One of the biggest success stories of the Estonian technology scene in recent years is a business that has ties to the country's best-known tech heavyweight, Skype. And, like Skype before it, it's a company based around a disarmingly simple business idea that sprung from the need for change in a very traditional industry.
Several years ago, Estonian Taavet Hinrikus, Skype's first employee, had just moved to London and faced a practical problem: he wanted to move money from his Estonian bank account to his UK bank account. However, if he wanted to do so, he have to put up with losing five percent of the money transferred to the bank – an amount largely hidden in the interbank exchange rate.
Hinrikus figured out a way to transfer the money without these using the banks' costly services, using the help of a friend who also needed to use two currencies in his everyday banking.
Hinrikus was paid in euros but lived in the UK, where the currency is the pound. His friend, financial consultant Kristo Käärmann, was paid in British pounds, but had a mortgage in euros. Hinrikus worked out a way around the problem: after checking the interbank rate, he simply moved money an agreed amount of money from Estonian bank account to Käärmann's Estonian bank account, while Käärmann sent the equivalent money from his UK account to Hinrikus's UK account. That way, Käärmann got to pay his mortage in euros, and Hinrikus didn't lose out changing his wages into pounds.
The arrangement saved them thousands of pounds in a short time and, in January 2011, the pair were inspired to cofound the crowdsourced peer-to-peer currency exchange service TransferWise, which allows users to transfer money between countries and make foreign payments cheaper and faster than through the traditional banking outlets.
TransferWise's currency transfer system works like this: to convert currency, a user has to make a domestic bank transfer into TransferWise's bank account for the amount of money they want to transfer to a foreign bank account.
After the domestic payment, TransferWise converts the money into the user's currency of choice without changing the interbank exchange rates (TransferWise's slogan is "bye-bye banks, you've had your fun") and the amount is sent to the foreign bank within two days. TransferWise charges a flat rate of €1 or £1 for any transfer up to €200, and a small transaction fee for larger amounts.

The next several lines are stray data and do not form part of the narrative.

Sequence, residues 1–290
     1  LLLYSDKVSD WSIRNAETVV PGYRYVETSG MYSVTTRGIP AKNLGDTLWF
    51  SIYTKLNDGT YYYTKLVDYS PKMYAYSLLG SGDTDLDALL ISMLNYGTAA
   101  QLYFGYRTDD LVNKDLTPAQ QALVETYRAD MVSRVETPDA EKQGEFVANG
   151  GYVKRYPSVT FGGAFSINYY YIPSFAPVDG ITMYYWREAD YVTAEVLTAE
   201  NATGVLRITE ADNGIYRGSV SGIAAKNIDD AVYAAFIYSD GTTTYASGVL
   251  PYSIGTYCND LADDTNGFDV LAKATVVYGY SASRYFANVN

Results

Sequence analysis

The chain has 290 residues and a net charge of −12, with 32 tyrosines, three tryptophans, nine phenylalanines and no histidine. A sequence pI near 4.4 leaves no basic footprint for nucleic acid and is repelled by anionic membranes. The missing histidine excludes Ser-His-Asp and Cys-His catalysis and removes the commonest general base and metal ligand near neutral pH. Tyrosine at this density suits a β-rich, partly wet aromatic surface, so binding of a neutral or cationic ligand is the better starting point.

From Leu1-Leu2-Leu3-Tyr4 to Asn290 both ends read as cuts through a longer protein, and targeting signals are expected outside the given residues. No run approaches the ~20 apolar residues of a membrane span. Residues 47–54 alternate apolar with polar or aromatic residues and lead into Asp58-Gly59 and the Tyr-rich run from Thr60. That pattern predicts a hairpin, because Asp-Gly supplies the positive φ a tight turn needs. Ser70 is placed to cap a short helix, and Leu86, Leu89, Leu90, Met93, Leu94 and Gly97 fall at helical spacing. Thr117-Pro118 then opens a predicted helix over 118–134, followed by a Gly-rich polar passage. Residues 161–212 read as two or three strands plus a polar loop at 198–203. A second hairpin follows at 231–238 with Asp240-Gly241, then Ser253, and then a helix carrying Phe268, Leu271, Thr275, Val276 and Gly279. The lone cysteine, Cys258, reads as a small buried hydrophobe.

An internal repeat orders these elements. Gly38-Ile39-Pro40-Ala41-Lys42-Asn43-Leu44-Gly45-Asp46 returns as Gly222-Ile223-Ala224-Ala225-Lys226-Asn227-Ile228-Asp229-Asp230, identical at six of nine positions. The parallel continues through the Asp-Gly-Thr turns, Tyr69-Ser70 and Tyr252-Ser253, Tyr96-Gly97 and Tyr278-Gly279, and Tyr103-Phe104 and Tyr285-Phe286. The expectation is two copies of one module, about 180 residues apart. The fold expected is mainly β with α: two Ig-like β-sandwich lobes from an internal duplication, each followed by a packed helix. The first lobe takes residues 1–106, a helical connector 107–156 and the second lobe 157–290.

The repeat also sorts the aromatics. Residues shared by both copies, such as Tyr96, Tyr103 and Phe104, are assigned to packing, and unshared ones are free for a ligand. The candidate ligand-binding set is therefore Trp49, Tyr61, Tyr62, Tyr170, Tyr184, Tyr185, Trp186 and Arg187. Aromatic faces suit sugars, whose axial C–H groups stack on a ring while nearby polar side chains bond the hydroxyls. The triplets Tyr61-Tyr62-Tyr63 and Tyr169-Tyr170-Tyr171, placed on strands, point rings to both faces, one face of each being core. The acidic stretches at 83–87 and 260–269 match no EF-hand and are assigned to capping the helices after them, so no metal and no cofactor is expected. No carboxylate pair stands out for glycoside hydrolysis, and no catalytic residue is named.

According to Hinrikus, the company recently hit a milestone of £100m transferred in total.
"Just three to four months ago that number was £50m," Hinrikus said. He didn't specify the amount of money he hopes to be moved through TransferWise this year, but hinted the scale would be hundreds of millions.
Right now the service allows conversions between Euros, British pounds, Norwegian, Danish and Swedish krone, Swiss francs, Polish zloty and US dollars, but the company's plans include expanding the list with 10 more currencies this year.
The company isn't profitable yet, but, according to Hinrikus, it's not profitable by choice because it's still growing fast and is investing to fuel that growth.
"We've grown the team to 30 people by now and will add another 20 people this year," he said.
The company is backed by well-known names – from the institutional side come IA Ventures, Index Ventures and Kima Ventures, and the angel investors include PayPal co-founder Max Levchin, Wonga's Errol Damelin and former Betfair CEO David Yu, among others. It also this month announced another $6m funding round with the investment led by Valar Ventures, an international fund started by PayPal founder Peter Thiel.
Despite its Estonian roots, the company is based in London. The UK is an early adopter market in general and having its own currency creates a need for services like TransferWise's. Of course, being a big financial services centre and one of Europe's startup meccas doesn't hurt either.
As part of that startup scene, TransferWise recently gave 1,000 start-ups $100,000 worth of free international money transfers. While there's no doubt that the campaign was a shrewd marketing plan, Hinrikus said it also served as an attempt to help the whole startup ecosystem.
"We are looking to be an active part of the ecosystem and as such looking for ways how we can help. The startups campaign was just one example of that," he said.
As a startup rapidly growing into an established company, TransferWise has seen its fair share of change. How does it think the market it operates in will transform in the years to come?
"We can think about what has happened in other industries — telecommunication or aviation, for example," Hinrikus said. "Both of these industries have changed dramatically within the last 20 years and in both of these we can see right now that incumbents and disruptors are having large market shares. We expect similar to happen in the money transfer segment."
And beyond TransferWise, currencies figure large in Hinrikus' life outside of work, thanks to a fondess for both sport and travel. "Next up, a weekend trip to Iceland," he said.